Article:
A visitor from Vermont blogs the faces of Israel
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A visitor from Vermont blogs the faces of Israel

Writer Judith Hertog sets out to upend the discourse of folks back home, and ends up surprising herself

Jessica Steinberg covers the Sabra scene from south to north and back to the center.

  • Guy Trichter, 27, at Habonim Beach, lives in Tel Aviv:
"The 'country'... It's just some lines they drew on a map 80 years ago." (Photo credit: Judith Hertog)
    Guy Trichter, 27, at Habonim Beach, lives in Tel Aviv: "The 'country'... It's just some lines they drew on a map 80 years ago." (Photo credit: Judith Hertog)
  • Maya, 42, at Akiva Gur Garden, Bnei Brak, lives in Bnei Brak: "For me, the hardest part of becoming religious was the clothing." (Photo credit: Judith Hertog)
    Maya, 42, at Akiva Gur Garden, Bnei Brak, lives in Bnei Brak: "For me, the hardest part of becoming religious was the clothing." (Photo credit: Judith Hertog)
  • Gavriel Weinberger, 57, at Ikea, Netanya, from Shavei Shomron: "...the settlements are the best environment in which to raise kids" (Photo credit: Judith Hertog)
    Gavriel Weinberger, 57, at Ikea, Netanya, from Shavei Shomron: "...the settlements are the best environment in which to raise kids" (Photo credit: Judith Hertog)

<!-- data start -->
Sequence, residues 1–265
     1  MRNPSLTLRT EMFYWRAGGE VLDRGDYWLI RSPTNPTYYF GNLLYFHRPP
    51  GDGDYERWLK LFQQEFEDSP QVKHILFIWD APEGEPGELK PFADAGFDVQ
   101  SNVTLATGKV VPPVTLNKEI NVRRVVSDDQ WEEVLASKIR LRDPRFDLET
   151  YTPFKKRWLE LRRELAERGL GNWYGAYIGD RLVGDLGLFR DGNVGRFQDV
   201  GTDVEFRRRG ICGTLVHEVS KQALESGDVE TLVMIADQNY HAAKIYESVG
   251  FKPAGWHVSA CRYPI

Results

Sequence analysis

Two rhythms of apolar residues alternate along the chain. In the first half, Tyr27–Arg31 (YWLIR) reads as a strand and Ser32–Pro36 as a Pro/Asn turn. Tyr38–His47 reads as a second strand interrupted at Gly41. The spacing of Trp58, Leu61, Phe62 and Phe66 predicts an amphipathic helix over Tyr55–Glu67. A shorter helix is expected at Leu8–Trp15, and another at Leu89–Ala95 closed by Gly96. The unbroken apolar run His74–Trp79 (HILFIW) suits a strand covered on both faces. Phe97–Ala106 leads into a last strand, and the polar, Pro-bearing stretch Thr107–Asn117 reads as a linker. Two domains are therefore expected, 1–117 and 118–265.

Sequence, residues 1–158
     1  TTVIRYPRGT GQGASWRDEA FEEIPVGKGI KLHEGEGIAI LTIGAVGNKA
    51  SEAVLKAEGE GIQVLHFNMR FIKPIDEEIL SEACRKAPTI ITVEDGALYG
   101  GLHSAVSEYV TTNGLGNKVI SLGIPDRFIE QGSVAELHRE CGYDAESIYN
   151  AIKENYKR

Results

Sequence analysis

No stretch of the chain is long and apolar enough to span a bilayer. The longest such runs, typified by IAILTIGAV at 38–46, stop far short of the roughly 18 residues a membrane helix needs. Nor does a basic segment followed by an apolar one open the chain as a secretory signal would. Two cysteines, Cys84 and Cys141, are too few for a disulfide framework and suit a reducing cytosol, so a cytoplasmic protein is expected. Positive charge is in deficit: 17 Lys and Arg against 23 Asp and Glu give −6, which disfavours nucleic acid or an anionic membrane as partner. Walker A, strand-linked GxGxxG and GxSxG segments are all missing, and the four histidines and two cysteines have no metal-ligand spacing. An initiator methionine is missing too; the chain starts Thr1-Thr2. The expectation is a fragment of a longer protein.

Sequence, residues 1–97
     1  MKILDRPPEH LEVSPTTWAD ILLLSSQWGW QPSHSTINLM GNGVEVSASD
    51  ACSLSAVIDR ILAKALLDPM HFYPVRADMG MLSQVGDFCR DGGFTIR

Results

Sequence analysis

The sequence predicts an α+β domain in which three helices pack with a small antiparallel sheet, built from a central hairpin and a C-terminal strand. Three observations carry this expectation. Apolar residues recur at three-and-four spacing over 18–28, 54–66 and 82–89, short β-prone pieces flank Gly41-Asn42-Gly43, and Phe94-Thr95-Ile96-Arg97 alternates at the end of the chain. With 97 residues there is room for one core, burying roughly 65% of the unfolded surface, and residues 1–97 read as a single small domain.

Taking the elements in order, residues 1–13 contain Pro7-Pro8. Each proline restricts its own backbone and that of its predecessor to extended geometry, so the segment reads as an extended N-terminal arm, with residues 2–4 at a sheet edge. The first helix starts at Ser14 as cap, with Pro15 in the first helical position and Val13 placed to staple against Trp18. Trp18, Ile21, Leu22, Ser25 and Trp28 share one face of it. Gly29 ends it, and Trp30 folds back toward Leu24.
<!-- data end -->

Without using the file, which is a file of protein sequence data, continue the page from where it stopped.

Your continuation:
• Beni Bengi, 47, at Frederika Shoes, Sokolov Street, Herzliya, lives in Kfar Saba: "I have already started over once, and I don't want to do it again." (Photo credit: Judith Hertog)
    Beni Bengi, 47, at Frederika Shoes, Sokolov Street, Herzliya, lives in Kfar Saba: "I have already started over once, and I don't want to do it again." (Photo credit: Judith Hertog)
  • Alumah L., 24, on the 480 bus from Jerusalem to Tel Aviv, lives in Jerusalem: When you read an ancient text, it actually talks to you." (Photo credit: Judith Hertog)
    Alumah L., 24, on the 480 bus from Jerusalem to Tel Aviv, lives in Jerusalem: When you read an ancient text, it actually talks to you." (Photo credit: Judith Hertog)

Judith Hertog was tired of hearing uninformed commentary about Israel.

Hertog, a Dutch Jew, lives in Vermont with her Israeli husband, whom she’d met during her university studies in Israel and who now teaches Asian studies at Dartmouth, and their two children.

But she found that local comments, whether pro or anti-Israel, were often uninformed, and came with little comprehension of the “real situation,” said Hertog.

One acquaintance posted journalist Helen Thomas’s anti-Semitic comments about Israelis “getting the hell out of Palestine” on her Facebook page. Hertog found that jarring.

Judith Hertog, a creative writer who set out to find Israelis of all types during a year of exploration (Photo credit: Eyal Hirsch)
Judith Hertog, a creative writer who set out to find Israelis of all types during a year of exploration (Photo credit: Eyal Hirsch)

“The only way to really respond is to show how complex it is,” she said. “I wanted to show how different people are in Israel, the varieties and opinions.”